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Viewpoint General
This post is the fourth installment of our blog series on significant, proposed changes to the Anti-Kickback Statute (AKS) and the Physician Self-Referral Law (commonly known as the Stark Law) recently announced by the Department of Health & Human Services (HHS).  The proposed rule issued by the Centers for Medicare & Medicaid Services (CMS) offers new and revised definitions on key Stark Law terms, some of which CMS has previously neglected to define or provide significant guidance.  In addition, CMS proposes a new Stark Law exception for limited remuneration to a physician, which offers health care entities more flexibility for unwritten, short-term compensation arrangements with physicians.
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Viewpoint
This post is the third installment of our blog series on recent proposed rules from the Department of Health & Human Services (HHS) that, if finalized, would implement major changes to the Anti-Kickback Statute (AKS) and the Physician Self-Referral Law (commonly known as the Stark Law). Below is an in-depth summary of the Office of Inspector General’s (OIG) proposed modifications to the safe harbors for personal services and management contracts, which includes a proposed new provision protecting outcomes-based payments. We also cover the OIG’s proposed modifications to the warranties safe harbor.
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Practice Intro Healthcare Compliance Fraud Abuse Regulatory Counseling Mintz
On October 17, 2019, the Department of Health & Human Services published two proposed rules that, if finalized, would implement significant changes to the Anti-Kickback Statute (AKS) and the Physician Self-Referral Law (commonly known as the Stark Law). This post is the latest installment in our blog series covering these proposed rules.
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Viewpoint
On October 9, 2019, the Department of Health & Human Services (HHS) announced significant changes to the Anti-Kickback Statute (AKS) and the Physician Self-Referral Law (known as the Stark Law) through proposed rules issued by the Office of Inspector General (OIG) and the Centers for Medicare & Medicaid Services (CMS). The proposed rules are part of HHS’s Regulatory Sprint to Coordinated Care, which aims to promote value-based care and ease regulatory burden on health care providers, particularly with respect to the AKS and the Stark Law.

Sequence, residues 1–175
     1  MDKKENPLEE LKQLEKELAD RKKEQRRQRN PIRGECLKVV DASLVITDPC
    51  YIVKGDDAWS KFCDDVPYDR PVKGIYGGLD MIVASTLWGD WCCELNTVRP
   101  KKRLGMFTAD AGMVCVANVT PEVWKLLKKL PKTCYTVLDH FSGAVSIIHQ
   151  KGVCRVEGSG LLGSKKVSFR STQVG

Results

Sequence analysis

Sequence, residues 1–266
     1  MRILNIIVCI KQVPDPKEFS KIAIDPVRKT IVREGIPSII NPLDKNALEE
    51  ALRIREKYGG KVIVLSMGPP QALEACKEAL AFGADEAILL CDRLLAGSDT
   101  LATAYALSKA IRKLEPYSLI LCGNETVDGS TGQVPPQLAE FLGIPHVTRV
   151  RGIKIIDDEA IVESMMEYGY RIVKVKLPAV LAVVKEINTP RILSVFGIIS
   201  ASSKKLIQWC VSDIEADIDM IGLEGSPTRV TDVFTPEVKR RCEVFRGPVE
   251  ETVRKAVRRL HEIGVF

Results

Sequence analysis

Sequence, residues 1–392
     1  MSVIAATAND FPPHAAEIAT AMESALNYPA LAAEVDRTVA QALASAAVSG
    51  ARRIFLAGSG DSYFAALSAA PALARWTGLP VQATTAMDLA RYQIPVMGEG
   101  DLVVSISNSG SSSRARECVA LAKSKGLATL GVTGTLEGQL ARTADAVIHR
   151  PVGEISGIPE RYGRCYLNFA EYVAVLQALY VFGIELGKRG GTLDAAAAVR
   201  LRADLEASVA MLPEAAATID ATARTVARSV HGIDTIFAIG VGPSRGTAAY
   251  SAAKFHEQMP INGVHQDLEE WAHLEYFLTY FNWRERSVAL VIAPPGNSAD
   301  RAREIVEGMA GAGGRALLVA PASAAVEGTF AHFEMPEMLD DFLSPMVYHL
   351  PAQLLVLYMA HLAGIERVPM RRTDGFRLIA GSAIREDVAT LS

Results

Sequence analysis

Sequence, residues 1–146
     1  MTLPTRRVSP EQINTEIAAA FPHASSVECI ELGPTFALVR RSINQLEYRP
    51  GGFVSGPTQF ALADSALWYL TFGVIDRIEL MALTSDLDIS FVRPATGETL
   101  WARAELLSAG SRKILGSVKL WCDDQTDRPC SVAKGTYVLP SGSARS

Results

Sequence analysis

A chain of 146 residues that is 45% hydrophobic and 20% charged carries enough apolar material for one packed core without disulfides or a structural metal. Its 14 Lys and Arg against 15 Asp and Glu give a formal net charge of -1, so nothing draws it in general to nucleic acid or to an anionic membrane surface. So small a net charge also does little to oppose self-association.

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Practice Hero Health Care Compliance Fraud Abuse Regulatory Counseling Mintz
On July 30, 2019, the Centers for Medicare & Medicaid Services (CMS) announced more proposed changes to the Open Payments Program, otherwise known as the Sunshine Act. The proposed changes include new requirements that are expected to impose burdens on pharmaceutical and medical device manufacturers.
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Viewpoint General
On January 18, 2019, CMS announced the Part D Payment Modernization Model, aimed at incentivizing Part D sponsors to reduce catastrophic phase federal reinsurance subsidy spending.  The model, which will begin January 2020, is a voluntary, five-year model open to eligible standalone Prescription Drug Plans (PDPs) and Medicare Advantage-Prescription Drug Plans (MA-PDs) that are approved to participate. 
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Viewpoint General
On January 24, 2019, CMS published its annual Notice of Benefit and Payment Parameters for 2020 ("Proposed 2020 Payment Notice") proposing parameters applicable to qualified health plans (QHPs) on the Exchanges for plan years beginning January 1, 2020.  Among several other proposals, CMS is proposing that issuers be permitted to exclude drug manufacturer coupons for prescription brand drugs that have a generic equivalent from counting toward patients’ annual limit on cost-sharing.